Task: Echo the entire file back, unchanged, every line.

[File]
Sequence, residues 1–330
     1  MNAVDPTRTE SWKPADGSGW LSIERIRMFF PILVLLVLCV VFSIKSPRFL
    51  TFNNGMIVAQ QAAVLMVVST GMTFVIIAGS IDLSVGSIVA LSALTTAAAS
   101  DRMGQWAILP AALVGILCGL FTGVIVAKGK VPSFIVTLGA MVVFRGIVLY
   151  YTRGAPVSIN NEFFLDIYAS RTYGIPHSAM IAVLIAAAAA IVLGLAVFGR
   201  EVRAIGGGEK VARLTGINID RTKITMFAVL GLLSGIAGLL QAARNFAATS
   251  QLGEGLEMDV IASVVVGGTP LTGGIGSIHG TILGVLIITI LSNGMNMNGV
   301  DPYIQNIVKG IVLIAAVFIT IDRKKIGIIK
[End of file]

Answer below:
Sequence, residues 1–330
     1  MNAVDPTRTE SWKPADGSGW LSIERIRMFF PILVLLVLCV VFSIKSPRFL
    51  TFNNGMIVAQ QAAVLMVVST GMTFVIIAGS IDLSVGSIVA LSALTTAAAS
   101  DRMGQWAILP AALVGILCGL FTGVIVAKGK VPSFIVTLGA MVVFRGIVLY
   151  YTRGAPVSIN NEFFLDIYAS RTYGIPHSAM IAVLIAAAAA IVLGLAVFGR
   201  EVRAIGGGEK VARLTGINID RTKITMFAVL GLLSGIAGLL QAARNFAATS
   251  QLGEGLEMDV IASVVVGGTP LTGGIGSIHG TILGVLIITI LSNGMNMNGV
   301  DPYIQNIVKG IVLIAAVFIT IDRKKIGIIK